June 11, 2006

Day 2: The Pisac Market

Students visited the Pisac Market and the ruins of Ollantaytambo. At the Sunday market in Pisac, it’s easy to imagine this historic town as a major Inca trading city. Handicrafts at the market include weavings, carved gourds, ceramics, textiles, alpaca sweaters, musical instruments, paintings, weavings, and jewelry. Ollantaytambo is an old Inca fortress set along the Urubamba river in the picturesque mountain valley.

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Dispatch 2 // June 11, 2006 // Anna Berberet // Sun Prairie High School, Wisconsin

A local Pesac family dressed in colorful Peruvian clothing. I kept the family laughing at my jokes. Wow, what a day! It began with a 7:15 wake-up call and an 8:00 breakfast. For breakfast we had fruit, Andean cereal, yogurt, and ham and cheese to add to our bread. It was delicious! After breakfast we all packed up our gear, hiking boots and all, boarded the bus, and headed for the Sacred Valley. The bus ride was very scenic and beautiful as we drove through the mountains and saw more of the country side. We got up to about 11,000 feet and parked the bus on the side of the road. As we stood on the side of the road surrounded by locals trying to sell us different handicrafts, we looked out onto the Sacred Valley. It was this extremely low valley completely surrounded by mountains. The valley looked like a checker-board of greens and browns. The valley is still used today for growing many Incan crops, such as 25 different types of corn and potatoes. We all took pictures and some of us took a mandatory bathroom break…on the side of the road.

Our bus driver Jose Luis patiently waits for the team to check out road stand attractions. After we took in the beauty of the Sacred Valley we took about a 20 minutes bus ride to the village of Pisac. There we got to wander around the famous Pisac market. We split up into 3 groups and made our way through the market. There were hundreds of tents set up on the sides of the street. Many of the travelers bought Alpaca blankets, sweaters, hats, and mittens. Other popular items included pan flutes and other musical instruments. The market was extremely colorful and communicating with the vendors in Spanish was interesting, seeing as how I speak absolutely no Spanish. But it all worked out in the end. I got help from my fellow travelers who actually knew how to speak the language.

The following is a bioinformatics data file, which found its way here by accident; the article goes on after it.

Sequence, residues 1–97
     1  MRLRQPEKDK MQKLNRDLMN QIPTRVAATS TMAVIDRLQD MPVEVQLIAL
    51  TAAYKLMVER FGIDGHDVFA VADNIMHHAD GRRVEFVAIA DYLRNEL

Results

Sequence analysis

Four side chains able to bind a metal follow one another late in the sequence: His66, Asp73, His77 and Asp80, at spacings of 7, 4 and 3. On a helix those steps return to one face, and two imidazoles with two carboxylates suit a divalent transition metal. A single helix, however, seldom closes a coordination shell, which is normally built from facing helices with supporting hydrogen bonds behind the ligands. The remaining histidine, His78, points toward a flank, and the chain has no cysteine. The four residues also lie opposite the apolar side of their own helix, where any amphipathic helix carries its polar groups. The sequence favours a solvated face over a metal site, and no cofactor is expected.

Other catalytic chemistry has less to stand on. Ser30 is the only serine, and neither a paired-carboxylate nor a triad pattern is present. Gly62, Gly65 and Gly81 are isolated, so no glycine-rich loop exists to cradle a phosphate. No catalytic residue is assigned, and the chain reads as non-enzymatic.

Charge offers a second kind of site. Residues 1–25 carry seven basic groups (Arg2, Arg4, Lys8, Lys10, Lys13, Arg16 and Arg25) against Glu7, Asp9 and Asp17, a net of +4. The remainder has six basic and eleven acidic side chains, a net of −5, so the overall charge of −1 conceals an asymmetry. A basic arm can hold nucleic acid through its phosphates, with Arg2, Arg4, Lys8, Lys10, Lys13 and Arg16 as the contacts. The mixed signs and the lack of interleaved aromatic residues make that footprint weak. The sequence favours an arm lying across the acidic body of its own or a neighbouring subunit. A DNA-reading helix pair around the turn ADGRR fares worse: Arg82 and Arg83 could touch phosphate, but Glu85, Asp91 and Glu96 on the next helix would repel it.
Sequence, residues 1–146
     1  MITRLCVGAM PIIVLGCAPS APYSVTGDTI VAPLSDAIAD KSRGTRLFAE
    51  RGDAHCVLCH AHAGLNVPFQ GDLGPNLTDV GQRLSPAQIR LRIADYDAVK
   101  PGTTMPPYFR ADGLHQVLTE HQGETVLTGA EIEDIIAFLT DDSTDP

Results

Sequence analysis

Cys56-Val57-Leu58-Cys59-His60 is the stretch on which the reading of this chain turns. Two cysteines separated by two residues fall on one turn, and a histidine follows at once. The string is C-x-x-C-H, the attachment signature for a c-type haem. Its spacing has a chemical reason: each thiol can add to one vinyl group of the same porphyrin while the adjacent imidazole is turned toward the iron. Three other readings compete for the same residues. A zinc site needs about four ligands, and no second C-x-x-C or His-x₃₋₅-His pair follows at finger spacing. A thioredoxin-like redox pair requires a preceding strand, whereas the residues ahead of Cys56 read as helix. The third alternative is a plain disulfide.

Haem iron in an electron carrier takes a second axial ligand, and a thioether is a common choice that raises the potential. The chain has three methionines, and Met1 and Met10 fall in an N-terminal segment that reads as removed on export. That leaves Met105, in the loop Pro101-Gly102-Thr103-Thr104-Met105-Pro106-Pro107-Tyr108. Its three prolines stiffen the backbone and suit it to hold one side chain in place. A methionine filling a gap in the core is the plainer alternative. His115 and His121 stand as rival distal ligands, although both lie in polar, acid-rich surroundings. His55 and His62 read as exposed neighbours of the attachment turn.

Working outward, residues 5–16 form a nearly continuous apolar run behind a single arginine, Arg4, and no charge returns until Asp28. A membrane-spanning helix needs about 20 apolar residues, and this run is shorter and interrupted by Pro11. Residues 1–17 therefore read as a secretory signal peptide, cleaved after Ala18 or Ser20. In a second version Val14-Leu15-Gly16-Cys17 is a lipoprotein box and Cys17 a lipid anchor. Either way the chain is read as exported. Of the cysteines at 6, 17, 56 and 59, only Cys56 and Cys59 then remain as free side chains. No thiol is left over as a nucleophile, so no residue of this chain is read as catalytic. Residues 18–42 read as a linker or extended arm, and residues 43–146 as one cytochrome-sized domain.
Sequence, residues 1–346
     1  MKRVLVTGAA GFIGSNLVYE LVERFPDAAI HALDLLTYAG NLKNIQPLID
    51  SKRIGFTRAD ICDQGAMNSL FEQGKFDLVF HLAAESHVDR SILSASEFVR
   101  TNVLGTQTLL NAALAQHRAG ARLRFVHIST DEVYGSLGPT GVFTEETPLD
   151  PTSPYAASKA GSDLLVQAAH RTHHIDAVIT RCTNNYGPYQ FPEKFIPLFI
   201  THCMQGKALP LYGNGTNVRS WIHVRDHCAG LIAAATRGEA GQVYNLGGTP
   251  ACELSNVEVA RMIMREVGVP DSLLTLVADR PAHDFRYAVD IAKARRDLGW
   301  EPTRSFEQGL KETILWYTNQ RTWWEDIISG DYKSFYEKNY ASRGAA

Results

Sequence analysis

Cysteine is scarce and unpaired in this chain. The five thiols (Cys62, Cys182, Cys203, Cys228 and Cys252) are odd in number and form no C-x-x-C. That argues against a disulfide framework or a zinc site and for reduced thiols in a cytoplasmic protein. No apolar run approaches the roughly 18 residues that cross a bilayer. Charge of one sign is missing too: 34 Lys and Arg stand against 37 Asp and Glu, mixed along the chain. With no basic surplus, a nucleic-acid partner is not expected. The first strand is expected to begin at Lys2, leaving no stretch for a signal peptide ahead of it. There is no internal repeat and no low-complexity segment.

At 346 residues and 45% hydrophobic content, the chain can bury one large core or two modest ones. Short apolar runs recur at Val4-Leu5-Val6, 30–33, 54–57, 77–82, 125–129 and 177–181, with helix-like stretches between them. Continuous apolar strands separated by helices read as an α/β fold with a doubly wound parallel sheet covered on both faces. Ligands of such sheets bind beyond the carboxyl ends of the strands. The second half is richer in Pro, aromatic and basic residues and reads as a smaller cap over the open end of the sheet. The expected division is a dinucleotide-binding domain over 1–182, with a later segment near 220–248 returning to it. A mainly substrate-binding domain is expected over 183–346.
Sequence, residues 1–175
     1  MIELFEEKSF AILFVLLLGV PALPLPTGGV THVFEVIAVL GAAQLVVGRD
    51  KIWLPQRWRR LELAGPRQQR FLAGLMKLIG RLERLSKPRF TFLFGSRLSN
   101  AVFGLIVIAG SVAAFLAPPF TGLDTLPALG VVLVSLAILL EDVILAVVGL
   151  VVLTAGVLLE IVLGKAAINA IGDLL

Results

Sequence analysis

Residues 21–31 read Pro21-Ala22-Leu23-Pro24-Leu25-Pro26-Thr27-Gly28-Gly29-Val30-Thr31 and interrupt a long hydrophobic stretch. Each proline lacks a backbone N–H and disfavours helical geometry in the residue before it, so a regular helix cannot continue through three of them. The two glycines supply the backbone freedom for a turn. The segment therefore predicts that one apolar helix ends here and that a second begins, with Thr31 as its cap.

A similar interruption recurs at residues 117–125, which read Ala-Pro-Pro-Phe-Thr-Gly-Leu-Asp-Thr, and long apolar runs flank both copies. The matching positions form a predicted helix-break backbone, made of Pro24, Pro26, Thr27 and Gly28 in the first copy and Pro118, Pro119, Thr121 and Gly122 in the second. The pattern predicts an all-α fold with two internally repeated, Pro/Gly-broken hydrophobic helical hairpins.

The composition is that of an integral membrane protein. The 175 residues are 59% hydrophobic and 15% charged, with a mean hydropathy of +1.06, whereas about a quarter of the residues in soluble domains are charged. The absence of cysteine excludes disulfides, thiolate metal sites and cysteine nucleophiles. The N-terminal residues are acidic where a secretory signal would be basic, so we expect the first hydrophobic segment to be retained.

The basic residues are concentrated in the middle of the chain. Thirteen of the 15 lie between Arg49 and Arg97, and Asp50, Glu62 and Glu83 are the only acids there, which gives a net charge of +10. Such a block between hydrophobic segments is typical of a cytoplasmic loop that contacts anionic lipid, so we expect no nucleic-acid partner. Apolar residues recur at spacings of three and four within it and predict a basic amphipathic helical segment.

This 86-year old resident of Pesac quitely tends to her small stall of textiles, blankets, and hats. After we all had great success in shopping at the market, we took about an hour and half bus ride to the Allpamanka restaurant for lunch. It was beautiful restaurant that actually opened up just three months ago. We ate lunch under white umbrellas surround by beautiful flowers and trees. It was extremely delicious and enjoyable! After lunch we took another short ride to Ollantaytambo. Ollantaytambo is one of the most important Inca ruins. Looking at it, there are 15 stone steps each stretching the entire length of the mountain and about 5 feet high. This was our first attempt at hiking the ruins as a team. I partnered up with Andrew. I was very nervous at first because I have never guided a blind student, but it went extremely well. Andrew gave me a bell which I attached to my hiking pole and the sound helped Andrew follow me. I walked in front of him and we made our way up the ruin. We all made it to the top!!!! It was an amazing feeling to reach the top and realize that everyone worked together to reach the same goal. The view was amazing as well! We looked of the city at the base of the ruin on one side and on the other side saw a valley and the Urabamba River. Ollantaytambo is 10,000 feet high. We took a picture at the top and took it all in! After Ollantaytambo we headed back to the hotel. There we had dinner and did a group activity afterwards.

Overall, it was an amazing day! We couldn’t have asked for better weather or for a better experience! Can’t wait until tomorrow!

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Letters of Support

This is a great opportunity for anyone and to know that you guys are going to hike with Erik on the inca trail makes me jealous and excited at the same time. I hope you learn alot about the area and how to work as a team. These lessons are invaluable. Remember them forever.

Your friend from Cingular Wireless in Louisiana,
Jeff Sanders

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